Win in Every Multiple Offer Situation
I’ve witnessed the most elite investors in the game follow certain steps that win them more deals than everybody else. The majority of the competitive bids that I see won by investors are won by investors who put in the work way before the deal even comes to market and way before they even turn in an offer. And part of that work is building a strong reputation with the listing broker and every broker in the market. Remember they're the ones who are going to be your advocate to the seller in your absence. The first thing to understand is that over 90% of all apartment sales over 10 units are procured by a broker. Winning more competitive bids happens as soon as the listing hits the market. You're going to deeply research the listing broker, you're going to find their bio on their website, you want to go to their social media websites, you want to read articles about them, you want to understand the closings they've worked on, and what some of their new listings are. On LinkedIn and Facebook, find out if you have any mutual connections and friends. Study their profiles and see what their hobbies are. The point here is to sort of personalize the transaction and personalize the relationship so when you make that first point of contact you already have something in common that you can discuss. Next, you're going to call them immediately and follow that up with an email. If you don't reach them by phone the first time, still send an email, and also text. By contacting them as soon as possible after the listing hits the market it shows the broker and the seller that you're serious about this deal. Depending on when the listing hits the market, the first question you should ask is if the property is still available. If it's not available the call isn’t over. Here's where you ask more questions. Find out when it came available. Find out how many buyers were interested, how many offers it got, and see if the broker will still share with you the marketing package and the financials after you sign a confidentiality agreement of course. This way you can show that broker you're still very serious about the property because anything can happen. If that deal falls apart the broker may come back to you. The goal is when you hang up with that broker, even if the property wasn't available when you called, they want to feel like you're someone they should keep in contact with. The whole time this deal is under contract it’s not a bad idea to keep in contact with that broker. If the property is still available, and let's assume you don't know the broker yet, tell him or her about yourself. Give your background, the assets you own, the lenders you work with, the deals you’ve done, etc. After you've told them a little bit about yourself ask about the listing, how much interest has there been, have any offers been put in yet, and this is really important, try to find out a little more about who the seller is? Who the actual names of the principles are, where are they based out of, maybe you lived there before, done business there before, or maybe you just visited? You're just looking for commonalities. Has the broker sold them assets before? That'll give you a glimpse into what they like and don't like in the transaction. Find out how the owner(s) are structured. Are they just a private ownership, have partners, or are they a syndication or national or a REIT? Also, ask why they're selling. That always kind of gives you a good idea of how to make your offer. And with all this information, you want to do a little bit of research on social media sites and google and see if you can find additional information about them so you can kind of paint a picture of who the seller is. Make this a personalized transaction and that will greatly increase your possibility of being the winning bidder in the end. Another question to ask the broker while you're on the phone with them is where they think it'll trade at on price. Now sometimes the sellers themselves won't indicate to their listing broker what their strike price is, so you'll be getting the opinion of the broker, but anything will help you structure a deal for them. Next, ask the broker if the seller's working with any time constraints. Maybe the seller has to close by the end of the year, or maybe the seller intends to do a 1031 exchange. If that's the case then it may be a situation where you would do a regular fast due diligence period, but the seller may prefer a much longer close period with a sizable deposit from you so they know you're not going away. That would allow them more time to find a replacement asset. Asking a simple question about time constraints that alone could put you above other offers who didn't take the time to find out what’s important to that seller. Another great question to ask the broker is what kind of deposit structures they would like to see on the offer. What size initial deposit, what size should the second deposit be? Also, go ahead and ask what kind of due diligence period would be ideal and of course, follow up with the closing period. You see the broker knows the seller way more than you do and they can reveal to you based on their knowledge of what the seller's goals are how a deal could be structured ideally for them which will put you above the competition. Another good question to ask is what kind of documents are available to you as the buyer once you sign a CA. Are there environmental reports, previous surveys, is there title available, are all the financials available? And another really good question to ask is about the management. If the seller is also a property management firm, or if they have a third-party company manage, find out if they have an interest in continuing to manage the property after you buy it. You can also ask the broker about any on-site staff. Ask if the on-site staff would want to stick around after the closing. And the reason you want to ask this question is I can't tell you how many times I’ve come across sellers who have had on-site staff with them for years and years and years and they've become like family to the point where it's actually important to them to see that they have continued employment. So, if you can confirm early on and in your offer, that you would be interested in keeping the current property management and/or on-site staff, I promise your offer will go a long way. At the end of the phone call, ask how you can sign the confidentiality agreement, and then sign it immediately to show your interest level. Once you do that you should immediately email the broker your bio package. Keep in contact with the broker by asking questions via email or text or whatever you feel is appropriate about the property even if you don't have questions. If and once it's time to tour the property, ask the broker if it’s possible to get the seller to show up. That's kind of rare, but if they will it's a great opportunity to build rapport. When you schedule the appointment try to schedule it for just a little bit before lunchtime so that when you finish up with a tour it would be great to offer to treat the broker to lunch so that you can again sell yourself a little bit more.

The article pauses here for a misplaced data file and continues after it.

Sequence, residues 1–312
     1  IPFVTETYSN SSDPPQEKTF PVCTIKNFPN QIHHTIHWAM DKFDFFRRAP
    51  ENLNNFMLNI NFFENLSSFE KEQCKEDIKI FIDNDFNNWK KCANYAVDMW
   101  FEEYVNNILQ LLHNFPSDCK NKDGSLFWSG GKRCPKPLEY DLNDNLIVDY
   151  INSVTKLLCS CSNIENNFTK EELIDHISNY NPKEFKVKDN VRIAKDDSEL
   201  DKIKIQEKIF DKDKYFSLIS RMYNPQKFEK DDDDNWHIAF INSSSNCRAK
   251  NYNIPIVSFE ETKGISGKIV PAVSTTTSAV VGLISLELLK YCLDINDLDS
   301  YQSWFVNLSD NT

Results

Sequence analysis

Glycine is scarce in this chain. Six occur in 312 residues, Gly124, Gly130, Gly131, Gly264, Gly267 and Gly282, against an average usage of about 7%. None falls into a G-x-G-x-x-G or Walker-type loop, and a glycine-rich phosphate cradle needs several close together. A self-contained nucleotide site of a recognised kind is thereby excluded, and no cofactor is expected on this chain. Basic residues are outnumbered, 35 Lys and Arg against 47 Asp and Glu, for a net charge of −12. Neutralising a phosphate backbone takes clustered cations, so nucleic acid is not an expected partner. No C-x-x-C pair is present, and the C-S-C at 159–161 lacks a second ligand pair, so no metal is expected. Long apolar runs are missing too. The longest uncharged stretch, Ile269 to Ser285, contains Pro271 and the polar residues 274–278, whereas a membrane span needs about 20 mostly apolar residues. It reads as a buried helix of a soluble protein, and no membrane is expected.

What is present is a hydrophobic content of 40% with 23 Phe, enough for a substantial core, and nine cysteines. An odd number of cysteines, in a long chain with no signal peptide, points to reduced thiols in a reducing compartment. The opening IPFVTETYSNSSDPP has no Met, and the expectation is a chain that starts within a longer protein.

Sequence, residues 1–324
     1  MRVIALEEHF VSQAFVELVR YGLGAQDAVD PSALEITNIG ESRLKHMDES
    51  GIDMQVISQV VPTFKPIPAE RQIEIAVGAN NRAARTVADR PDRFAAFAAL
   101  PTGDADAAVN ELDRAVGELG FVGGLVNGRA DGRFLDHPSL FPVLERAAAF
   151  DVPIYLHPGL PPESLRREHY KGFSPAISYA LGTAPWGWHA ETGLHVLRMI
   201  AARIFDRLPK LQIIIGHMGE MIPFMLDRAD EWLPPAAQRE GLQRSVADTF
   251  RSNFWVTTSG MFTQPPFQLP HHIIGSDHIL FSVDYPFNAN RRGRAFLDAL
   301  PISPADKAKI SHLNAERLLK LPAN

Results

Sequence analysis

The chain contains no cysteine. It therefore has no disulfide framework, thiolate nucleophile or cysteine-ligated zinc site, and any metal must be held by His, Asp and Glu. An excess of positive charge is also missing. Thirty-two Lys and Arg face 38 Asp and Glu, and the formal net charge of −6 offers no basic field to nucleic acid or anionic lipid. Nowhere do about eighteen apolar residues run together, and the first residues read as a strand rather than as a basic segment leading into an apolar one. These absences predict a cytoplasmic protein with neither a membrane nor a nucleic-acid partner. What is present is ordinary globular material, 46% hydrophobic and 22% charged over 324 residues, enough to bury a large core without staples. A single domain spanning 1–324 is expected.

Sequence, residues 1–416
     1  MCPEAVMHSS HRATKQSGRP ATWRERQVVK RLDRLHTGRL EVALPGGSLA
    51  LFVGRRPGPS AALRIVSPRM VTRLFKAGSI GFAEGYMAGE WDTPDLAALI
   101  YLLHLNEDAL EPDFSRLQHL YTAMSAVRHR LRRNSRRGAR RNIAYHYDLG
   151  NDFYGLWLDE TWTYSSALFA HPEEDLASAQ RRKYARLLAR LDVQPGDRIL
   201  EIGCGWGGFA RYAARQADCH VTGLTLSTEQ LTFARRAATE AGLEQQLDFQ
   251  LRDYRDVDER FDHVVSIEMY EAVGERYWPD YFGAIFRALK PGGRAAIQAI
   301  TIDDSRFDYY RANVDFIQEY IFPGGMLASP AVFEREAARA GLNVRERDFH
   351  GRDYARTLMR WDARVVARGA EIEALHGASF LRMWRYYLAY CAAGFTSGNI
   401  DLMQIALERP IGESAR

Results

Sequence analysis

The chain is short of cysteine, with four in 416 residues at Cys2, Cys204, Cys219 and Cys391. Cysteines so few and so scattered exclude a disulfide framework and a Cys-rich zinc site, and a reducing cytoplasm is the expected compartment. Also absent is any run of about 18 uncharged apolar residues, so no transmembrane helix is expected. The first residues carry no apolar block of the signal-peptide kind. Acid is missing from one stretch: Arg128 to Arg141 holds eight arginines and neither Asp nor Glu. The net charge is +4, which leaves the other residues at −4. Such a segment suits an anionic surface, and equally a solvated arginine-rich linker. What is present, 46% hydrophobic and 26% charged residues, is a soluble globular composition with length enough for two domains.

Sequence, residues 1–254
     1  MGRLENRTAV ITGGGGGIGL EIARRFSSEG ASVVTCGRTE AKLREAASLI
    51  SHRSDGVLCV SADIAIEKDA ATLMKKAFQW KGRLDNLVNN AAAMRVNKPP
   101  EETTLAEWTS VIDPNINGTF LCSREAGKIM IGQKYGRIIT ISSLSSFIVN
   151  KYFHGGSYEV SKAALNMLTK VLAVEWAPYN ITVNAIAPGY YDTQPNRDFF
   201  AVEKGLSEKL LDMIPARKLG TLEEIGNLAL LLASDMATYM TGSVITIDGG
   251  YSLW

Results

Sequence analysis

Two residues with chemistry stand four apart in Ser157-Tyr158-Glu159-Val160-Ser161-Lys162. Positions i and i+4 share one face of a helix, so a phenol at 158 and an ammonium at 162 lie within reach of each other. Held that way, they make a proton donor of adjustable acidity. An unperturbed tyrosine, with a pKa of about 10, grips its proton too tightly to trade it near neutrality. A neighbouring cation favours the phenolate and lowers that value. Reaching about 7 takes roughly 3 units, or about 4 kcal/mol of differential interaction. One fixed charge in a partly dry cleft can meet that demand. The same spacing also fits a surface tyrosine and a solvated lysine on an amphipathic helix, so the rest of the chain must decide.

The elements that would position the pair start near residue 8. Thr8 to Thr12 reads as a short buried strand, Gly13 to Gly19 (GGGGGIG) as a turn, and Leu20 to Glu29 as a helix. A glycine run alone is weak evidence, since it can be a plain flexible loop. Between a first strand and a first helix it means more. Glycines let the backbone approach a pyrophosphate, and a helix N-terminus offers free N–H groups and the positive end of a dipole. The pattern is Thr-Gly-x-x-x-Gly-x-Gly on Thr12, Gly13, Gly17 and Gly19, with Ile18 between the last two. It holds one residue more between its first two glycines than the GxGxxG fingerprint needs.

Quick side note that's really important, if this listing were to happen to be brought to you by another broker who's not the listing agent and you may not like this, I would highly encourage you to pay that broker directly. That will make you look more appealing to the listing broker, who remember is going to be your advocate to the seller, by paying the broker that brought you the deal. It's usually a very small percentage of the deal and that keeps two brokers very happy and will most like net you way more deals in the future. And when you're in competitive bids especially if those brokers are involved, they're going to remember that. When you get notified by the broker that you've won the bid it's important to let them know you're excited and you can't wait to move forward because likely that excitement will also be forwarded to the seller and all the partners. Now if you lose the deal, send handwritten thank you letters to the broker and the seller. In the seller's note, you should compliment the asset and the broker they used and let them know if anything happens you're here and you love that property. In the broker's letter, compliment their marketing and communications and again let them know if anything comes up to please come back to you. Notice I didn't spend much time at all on the offer itself because the offer is going to be the offer. In today's time, with the technology and the access to data, most pricing of assets is spot on even if you think some of them are overpriced. Remember the terms of a deal are just one part of this. The larger part of winning more multiple offer bids and getting deals sent to you is your reputation. It's how people are watching the way you treat others, the way you react in a transaction, and the way you react to things that come up. The Elite Investors I’ve watched in my career, the ones who transact way more than the average investor, all have one thing in common: they have phenomenal reputations that precede them. They've built their reputations for the most part before a transaction even happens. They build rapport with brokers and investors and their staff and the phase one environmental guy and the property manager and the property condition report people. All of the people involved in the transaction are watching how you operate, how you talk to other people, and how you treat other people. And when you get into a competitive bid situation, you’ll be way ahead of everyone else because all those people, and the brokers and the sellers will know you’re serious and more like to close on the deal. It’s not always just about the price and the terms.